V in V for Vendetta
Art by David Lloyd.
|Publisher||Vertigo imprint of DC Comics
(originally Quality Communications)
|First appearance||Warrior #1 (Mar. 1982)|
|Created by||Alan Moore
|Notable aliases||Patient #5, The Terrorist, Codename V, Project V, The Man from Room Five|
V is a title character and the protagonist of the comic book series V for Vendetta, created by Alan Moore and David Lloyd. He is a mysterious anarchist, vigilante, and freedom fighter who is easily recognizable by his Guy Fawkes mask, long hair, and dark clothing. According to Moore, he was designed to be morally ambiguous at the same time, so that readers could decide for themselves whether he was a hero fighting for a cause or simply insane, thus the character is depicted as somewhat of an enigma.
Fictional character biography 
The background and identity of V is largely unknown. He is at one point an inmate at "Larkhill Resettlement Camp"—one of many concentration camps where political prisoners, homosexuals, Black people, Jews, Muslims, Indians and Pakistanis are exterminated by Britain's new fascist regime. While there, he is part of a group of prisoners who are subjected to horrific medical experimentation, conducted by Dr. Delia Surridge, involving artificially-designed hormone injection. Lewis Prothero is the camp's commandant, and a paedophile vicar, Father Lilliman, is at the camp to lend "spiritual support". All prisoners so injected soon die under gruesome circumstances, with the sole exception of "the man in room five" ("V" in Roman numerals). During that time, the man had some level of communication with Valerie Page, a former actress imprisoned for being a lesbian, kept in "room four", who wrote her autobiography on toilet paper and then pushed it through a hole in the wall.
Although there is nothing physically wrong with him, Surridge theorizes that his mind had been warped by the experimentation. Still, his actions seem to maintain a twisted logic. The experiments actually yield some beneficial results: he develops Olympic-level reflexes, increased strength, and incredibly expanded mental capacity (as demonstrated consistently throughout the novel, V is a genius in the fields of explosives, martial arts, philosophy, literature, politics, computer hacking, music, chemistry, and, as stated by Dr. Surridge in the graphic novel, gardening).
Over time, the man is allowed to grow roses (violet carsons) and raise crops for camp officials. The man eventually starts taking surplus ammonia-based fertilizer back to his cell, arranges it in bizarre, intricate patterns on the floor. He then takes a large amount of grease solvent from the gardens. In secret, the man uses the fertilizer and solvent to make mustard gas and napalm. On a stormy night (namely, Dec. 23rd in the novel or Nov. 5th in the film), he detonates his homemade bomb and escapes his cell. Much of the camp is set ablaze, and many of the guards who rush in to see what happened are killed by the mustard gas. The camp is evacuated and closed down. He adopts the new identity, "V", and dons a Guy Fawkes mask and costume. V then spends the next five years planning his revenge on the fascist government, building his secret base, which he calls "The Shadow Gallery". He then kills off most of the over 40 surviving personnel from Larkhill, making each killing look like an accident. However, he saves Prothero, Lilliman and Surridge, (the three most responsible for the experiments on him) for last, showing only the remorseful Surridge a bit of mercy by injecting her with a painless poison in her sleep.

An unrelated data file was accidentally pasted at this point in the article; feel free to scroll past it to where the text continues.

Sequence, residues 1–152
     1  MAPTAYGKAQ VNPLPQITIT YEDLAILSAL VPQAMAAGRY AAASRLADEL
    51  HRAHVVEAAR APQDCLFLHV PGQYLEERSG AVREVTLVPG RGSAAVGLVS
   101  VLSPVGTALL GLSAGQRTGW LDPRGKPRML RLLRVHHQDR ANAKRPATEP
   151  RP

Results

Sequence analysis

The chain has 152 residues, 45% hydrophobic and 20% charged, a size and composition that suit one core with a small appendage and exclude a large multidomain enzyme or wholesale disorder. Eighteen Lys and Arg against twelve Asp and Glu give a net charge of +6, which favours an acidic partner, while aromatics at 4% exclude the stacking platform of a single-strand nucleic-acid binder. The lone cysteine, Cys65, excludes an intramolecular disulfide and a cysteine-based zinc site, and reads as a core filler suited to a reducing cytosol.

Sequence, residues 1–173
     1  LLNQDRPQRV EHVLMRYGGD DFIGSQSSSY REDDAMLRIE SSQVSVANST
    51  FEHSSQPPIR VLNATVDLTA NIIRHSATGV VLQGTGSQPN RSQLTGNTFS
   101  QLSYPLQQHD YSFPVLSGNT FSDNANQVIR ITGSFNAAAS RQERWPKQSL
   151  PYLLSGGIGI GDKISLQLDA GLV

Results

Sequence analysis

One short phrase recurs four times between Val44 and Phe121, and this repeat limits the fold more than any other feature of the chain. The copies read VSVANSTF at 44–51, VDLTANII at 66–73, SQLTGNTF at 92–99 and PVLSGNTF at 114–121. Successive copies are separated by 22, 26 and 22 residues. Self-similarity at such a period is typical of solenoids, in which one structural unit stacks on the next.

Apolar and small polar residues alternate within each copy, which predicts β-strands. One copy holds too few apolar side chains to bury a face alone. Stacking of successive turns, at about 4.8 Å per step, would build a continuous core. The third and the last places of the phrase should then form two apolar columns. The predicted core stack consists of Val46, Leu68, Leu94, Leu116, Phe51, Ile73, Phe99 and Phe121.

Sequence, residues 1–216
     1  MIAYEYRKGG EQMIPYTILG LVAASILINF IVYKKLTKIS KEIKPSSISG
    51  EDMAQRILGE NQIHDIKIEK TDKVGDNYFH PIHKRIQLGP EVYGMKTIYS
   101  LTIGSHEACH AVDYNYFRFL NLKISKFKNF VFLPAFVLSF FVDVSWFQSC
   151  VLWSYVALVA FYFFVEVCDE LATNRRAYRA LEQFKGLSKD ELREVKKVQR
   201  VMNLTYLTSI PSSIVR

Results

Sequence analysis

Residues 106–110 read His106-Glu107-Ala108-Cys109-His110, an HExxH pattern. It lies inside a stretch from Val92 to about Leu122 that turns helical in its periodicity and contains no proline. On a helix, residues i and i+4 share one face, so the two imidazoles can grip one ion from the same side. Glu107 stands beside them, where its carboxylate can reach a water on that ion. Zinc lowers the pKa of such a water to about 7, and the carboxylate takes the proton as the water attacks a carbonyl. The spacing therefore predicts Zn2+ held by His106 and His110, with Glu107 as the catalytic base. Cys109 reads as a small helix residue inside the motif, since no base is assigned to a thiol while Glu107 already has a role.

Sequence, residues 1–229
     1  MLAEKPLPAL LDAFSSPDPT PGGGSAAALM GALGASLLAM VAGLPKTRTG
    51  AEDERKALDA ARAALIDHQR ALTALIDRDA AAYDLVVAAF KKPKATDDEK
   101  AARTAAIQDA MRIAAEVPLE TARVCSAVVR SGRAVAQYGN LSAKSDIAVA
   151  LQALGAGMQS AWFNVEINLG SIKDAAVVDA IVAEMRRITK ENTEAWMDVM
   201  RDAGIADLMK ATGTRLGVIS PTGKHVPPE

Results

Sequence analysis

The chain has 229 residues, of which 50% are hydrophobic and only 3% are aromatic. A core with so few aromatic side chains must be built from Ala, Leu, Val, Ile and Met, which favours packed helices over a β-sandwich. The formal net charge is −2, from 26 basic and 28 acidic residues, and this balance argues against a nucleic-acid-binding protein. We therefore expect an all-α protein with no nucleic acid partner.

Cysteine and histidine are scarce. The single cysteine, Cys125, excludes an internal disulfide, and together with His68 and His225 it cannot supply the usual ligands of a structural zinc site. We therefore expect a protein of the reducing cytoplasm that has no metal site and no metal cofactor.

||This section may contain original research. (March 2009)|
V's true identity is a mystery, and he visibly removes his mask only once during the entire story (at Surridge's request), at which point his back is to the reader and his face cannot be seen. Surridge tells him "it is beautiful", in contrast to her personal notes, where she mentions that the man in cell V was ugly.
He doesn't even consider "V" his "name", saying "I do not have a name. You can call me V". The only explanation given regarding V's past is Surridge's diary, which V leaves out in the open for the "Finger" (Norsefire's secret police) to find after he kills her. Eric Finch, the head of the "Nose" (the Party's official police division) and one of Norsefire's most powerful officials, reads through the diary, but points out that V wanted them to read it. V also tore out many pages, which possibly left clues to his true identity before arriving at the camp. Finch further speculates that V fabricated the version of Surridge's diary, which he left with her body, just to confuse the police.
In the comic and graphic novel, Delia Surridge states in the diary that he was ugly, although she mentions "Physically, there doesn't seem to be anything wrong with him. No cellular anomalies, nothing". His confidante Evey Hammond speculates in the comic that V might be her own father, who was arrested years before as a political prisoner; V denies it, and Moore has confirmed that V is not Evey's father. There is also some speculation that V could actually be Valerie, the prisoner in the cell next to his whose autobiographical letter inspires V not to give up (and which he later passes on to Evey). However, Prothero and Surridge both describe V as the "man" from room five (V claims Valerie was the "Woman in room four" and also that he did not write Valerie's letter). What's more, the first page of the book depicts V from behind, out of his costume yet still displaying a distinctly male silhouette.